I’ve been to Morocco twice. The first time to Agadir. I was thirteen and we went to a an all-inclusive hotel which mainly included morning battles over sunbeds. I don’t want to seem ungrateful, but my memories of the somewhat sketchy week is miles away from the glossy images you see.
The second time I went was in my last year of university. A couple of girl friends and I decided to get some winter sun. “The sun shines 300 days a year” – so the Moroccan tourist board says. Only we didn’t consider the other 65 days. Mid-December, we rooted out some summer dresses, flip flops, sunglasses and off we set.
The thing about Morocco is that it’s not really designed for the few weeks of cold it experiences each year. Riads are built round open courtyards, often with un-glassed windows to help keep the rooms cool. Tiled floors and plain white walls work well in the scorching summer. But they’re pretty nippy in December.
I don’t think that I had the classic Moroccan experience either time, but the one thing that hugely endears me to the country is its wonderful cuisine. This week I’ve been playing with ras el hanout – a Moroccan spice blend, kind of like a North African garam masala. I used the Spicentice ras el hanout which was wonderful – rose petals, cardamom, cumin, cassia and lots more – but I shall save my love for Spicentice for another post to come soon. You can, incidentally pick up ras el hanout in most big supermarkets – Sainsburys and Tescos have their own brand, and Barts Ingredients added ras el hanout to their line back in 2008.
The dish below is really delicious. It tickled Tom that the addition of pearl barley turned it into a Scottish-Moroccan fusion. Something that brought back memories of a party his mum threw, which was a Scottish-Moroccan theme. A frenzy of tartan and leather slippers.
As with all slow-cooked dishes this is crammed with flavour. The ras el hanout isn’t spicy, but savoury-sweet and aromatic and beautiful. after a couple of hours of cooking, the meat falls off the bone, and the marrow seeps into the sauce making it sticky and delicious. Lamb shanks and pearl barley and kale are all lovely and cheap, so there’s no excuse not to give this a go.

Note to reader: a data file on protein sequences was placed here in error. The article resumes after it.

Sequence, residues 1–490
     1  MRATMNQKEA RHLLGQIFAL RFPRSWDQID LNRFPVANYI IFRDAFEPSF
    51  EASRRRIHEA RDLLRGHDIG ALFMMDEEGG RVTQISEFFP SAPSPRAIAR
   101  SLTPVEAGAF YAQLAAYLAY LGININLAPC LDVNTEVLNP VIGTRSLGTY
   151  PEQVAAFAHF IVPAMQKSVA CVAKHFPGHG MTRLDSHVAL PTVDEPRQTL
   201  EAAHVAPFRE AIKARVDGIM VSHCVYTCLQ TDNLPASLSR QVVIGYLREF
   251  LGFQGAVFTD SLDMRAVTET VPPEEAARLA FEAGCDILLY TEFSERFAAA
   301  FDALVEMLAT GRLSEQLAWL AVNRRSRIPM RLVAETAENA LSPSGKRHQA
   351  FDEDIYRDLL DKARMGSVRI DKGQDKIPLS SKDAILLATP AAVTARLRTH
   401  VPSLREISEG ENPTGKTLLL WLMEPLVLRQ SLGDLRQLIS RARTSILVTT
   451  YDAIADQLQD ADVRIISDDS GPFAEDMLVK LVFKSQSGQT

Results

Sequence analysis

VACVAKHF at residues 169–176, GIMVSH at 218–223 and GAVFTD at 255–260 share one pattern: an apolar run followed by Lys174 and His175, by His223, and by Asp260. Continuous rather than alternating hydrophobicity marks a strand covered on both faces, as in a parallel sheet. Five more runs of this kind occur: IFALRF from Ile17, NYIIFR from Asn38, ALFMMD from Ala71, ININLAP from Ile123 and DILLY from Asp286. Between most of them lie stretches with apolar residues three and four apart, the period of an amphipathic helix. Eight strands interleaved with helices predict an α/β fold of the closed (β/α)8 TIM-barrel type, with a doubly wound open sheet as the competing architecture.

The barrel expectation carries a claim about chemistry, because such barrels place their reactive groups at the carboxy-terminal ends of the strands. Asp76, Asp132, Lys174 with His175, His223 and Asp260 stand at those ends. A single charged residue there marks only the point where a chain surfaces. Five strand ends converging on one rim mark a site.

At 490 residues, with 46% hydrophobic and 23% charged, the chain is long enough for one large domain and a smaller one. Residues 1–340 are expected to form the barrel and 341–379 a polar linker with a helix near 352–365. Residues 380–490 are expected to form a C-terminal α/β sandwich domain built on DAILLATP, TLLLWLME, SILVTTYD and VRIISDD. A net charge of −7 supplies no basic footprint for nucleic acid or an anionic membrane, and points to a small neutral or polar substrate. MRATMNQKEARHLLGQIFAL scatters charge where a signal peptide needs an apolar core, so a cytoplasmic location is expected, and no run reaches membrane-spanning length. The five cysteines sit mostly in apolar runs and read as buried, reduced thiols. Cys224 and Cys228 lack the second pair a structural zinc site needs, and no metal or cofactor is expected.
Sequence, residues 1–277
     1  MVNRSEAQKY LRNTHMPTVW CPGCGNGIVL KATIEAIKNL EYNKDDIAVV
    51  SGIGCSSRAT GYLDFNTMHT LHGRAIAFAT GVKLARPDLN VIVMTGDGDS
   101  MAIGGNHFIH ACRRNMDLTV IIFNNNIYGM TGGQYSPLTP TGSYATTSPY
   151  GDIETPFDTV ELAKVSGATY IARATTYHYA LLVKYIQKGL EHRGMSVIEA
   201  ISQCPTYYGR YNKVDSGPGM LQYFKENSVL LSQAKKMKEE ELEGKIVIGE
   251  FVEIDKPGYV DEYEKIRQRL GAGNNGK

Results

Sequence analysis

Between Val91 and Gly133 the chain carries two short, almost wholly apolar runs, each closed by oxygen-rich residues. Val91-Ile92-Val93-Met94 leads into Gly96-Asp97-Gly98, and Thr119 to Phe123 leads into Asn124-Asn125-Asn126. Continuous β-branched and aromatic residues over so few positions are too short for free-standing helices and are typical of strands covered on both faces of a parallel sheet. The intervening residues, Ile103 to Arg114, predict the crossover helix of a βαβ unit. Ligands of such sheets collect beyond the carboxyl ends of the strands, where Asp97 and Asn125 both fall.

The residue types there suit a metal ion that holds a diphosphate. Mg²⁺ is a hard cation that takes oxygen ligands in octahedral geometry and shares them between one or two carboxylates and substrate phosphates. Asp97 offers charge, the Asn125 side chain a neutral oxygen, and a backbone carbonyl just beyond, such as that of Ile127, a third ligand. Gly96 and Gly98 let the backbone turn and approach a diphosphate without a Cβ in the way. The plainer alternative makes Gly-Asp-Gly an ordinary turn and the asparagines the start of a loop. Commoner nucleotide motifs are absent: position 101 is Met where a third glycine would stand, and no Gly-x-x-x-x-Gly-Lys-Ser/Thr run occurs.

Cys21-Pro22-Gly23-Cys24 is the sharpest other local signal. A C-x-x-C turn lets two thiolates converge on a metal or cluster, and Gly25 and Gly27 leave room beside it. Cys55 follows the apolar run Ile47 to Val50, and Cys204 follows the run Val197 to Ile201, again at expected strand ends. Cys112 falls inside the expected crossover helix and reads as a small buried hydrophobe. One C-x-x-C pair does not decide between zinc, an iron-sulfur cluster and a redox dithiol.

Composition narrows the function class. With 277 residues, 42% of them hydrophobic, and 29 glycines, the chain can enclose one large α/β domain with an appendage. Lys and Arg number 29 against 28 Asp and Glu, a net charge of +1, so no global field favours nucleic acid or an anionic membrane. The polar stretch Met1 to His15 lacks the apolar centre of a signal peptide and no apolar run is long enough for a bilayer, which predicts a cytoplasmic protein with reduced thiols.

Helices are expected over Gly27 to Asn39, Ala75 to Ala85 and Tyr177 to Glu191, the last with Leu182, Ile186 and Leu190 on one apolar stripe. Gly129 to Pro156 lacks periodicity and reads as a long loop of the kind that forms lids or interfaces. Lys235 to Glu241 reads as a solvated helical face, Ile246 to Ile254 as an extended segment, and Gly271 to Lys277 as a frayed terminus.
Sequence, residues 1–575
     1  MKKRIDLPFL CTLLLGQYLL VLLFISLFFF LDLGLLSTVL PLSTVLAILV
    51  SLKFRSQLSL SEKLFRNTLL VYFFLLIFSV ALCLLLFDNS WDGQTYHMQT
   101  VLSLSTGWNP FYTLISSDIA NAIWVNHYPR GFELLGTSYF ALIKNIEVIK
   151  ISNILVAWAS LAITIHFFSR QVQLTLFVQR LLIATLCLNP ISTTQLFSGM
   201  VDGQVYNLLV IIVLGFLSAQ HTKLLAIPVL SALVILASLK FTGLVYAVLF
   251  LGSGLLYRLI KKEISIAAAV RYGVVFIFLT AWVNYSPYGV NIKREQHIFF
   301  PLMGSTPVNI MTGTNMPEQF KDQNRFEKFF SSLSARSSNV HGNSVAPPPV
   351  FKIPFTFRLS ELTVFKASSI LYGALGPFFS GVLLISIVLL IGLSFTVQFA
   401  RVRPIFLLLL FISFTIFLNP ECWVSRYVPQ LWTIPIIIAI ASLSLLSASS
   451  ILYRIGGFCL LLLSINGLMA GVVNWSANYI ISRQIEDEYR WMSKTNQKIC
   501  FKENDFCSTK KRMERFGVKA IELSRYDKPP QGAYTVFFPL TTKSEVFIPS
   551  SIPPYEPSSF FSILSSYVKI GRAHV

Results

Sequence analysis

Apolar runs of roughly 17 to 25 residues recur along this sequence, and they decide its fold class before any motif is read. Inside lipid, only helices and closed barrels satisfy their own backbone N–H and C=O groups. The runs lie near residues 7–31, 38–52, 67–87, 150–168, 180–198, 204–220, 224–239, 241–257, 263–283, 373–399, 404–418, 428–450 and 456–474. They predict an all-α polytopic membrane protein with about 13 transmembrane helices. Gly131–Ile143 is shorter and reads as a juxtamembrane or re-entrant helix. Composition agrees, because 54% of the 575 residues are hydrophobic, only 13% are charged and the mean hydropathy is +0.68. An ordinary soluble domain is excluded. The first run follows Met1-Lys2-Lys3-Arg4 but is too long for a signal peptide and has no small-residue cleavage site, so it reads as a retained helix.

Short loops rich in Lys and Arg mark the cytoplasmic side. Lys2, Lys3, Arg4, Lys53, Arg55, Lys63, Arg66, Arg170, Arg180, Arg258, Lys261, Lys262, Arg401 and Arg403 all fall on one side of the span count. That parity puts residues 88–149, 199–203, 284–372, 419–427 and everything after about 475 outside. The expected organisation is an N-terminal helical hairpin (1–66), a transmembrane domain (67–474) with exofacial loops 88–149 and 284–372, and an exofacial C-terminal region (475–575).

Recipe: Ras el Hanout Lamb Shank Tagine with Pearl Barley & Buttered Kale
Serves 3 (big boy-sized portions!)
15g ras el hanout
3 lamb shanks
2 tablespoons olive oil
3 cloves of garlic
1 litre of lamb stock
50g dried apricots, sliced
100g pearl barley
1 teaspoon salt
1. Rub the lamb shanks with the ras el hanout. Heat the oil in a heavy bottomed casserole dish, and brown the lamb shanks – turning them in the oil for a couple of minutes. Remove from the pan and put them to one side.
2. Cook the onions in the now-flavoured oil, until they start to turn translucent – about five minutes. If they are sticking in the pan, add a little more oil. Add the garlic to the pan and cook for a couple more minutes.
3. Return the lamb shanks to the pan. Cover with the lamb stock, add the dried apricots, put on the lid and the put in the oven at 160C for 1.5 hours.
4. Rinse the pearl barley in a sieve under the cold tap, and then add to the liquid, making sure it’s all fully-submerged. Return the casserole dish to the oven for 1 hour more.
5. To cook the kale, boil 2 inches of water in the bottom of a pan. Put the kale in the pan, put on the lid and blanche for 2 minutes. Drain.
6. While the kale is blanching, heat the butter in a frying pan. When it’s foaming, put the now-drained kale in the frying pan, stir for a couple of minutes and then season with salt and pepper.
7. Divide the kale between three shallow bowls. Use a couple of forks to dole out the lamb shanks, and then ladle the lovely, juicy, pearl barley, spiced broth in the dish.
Lamb shanks kindly sent from Riverford Organic (in their Winter Warmer meat box) and Ras el Hanout kindly sent from Spicentice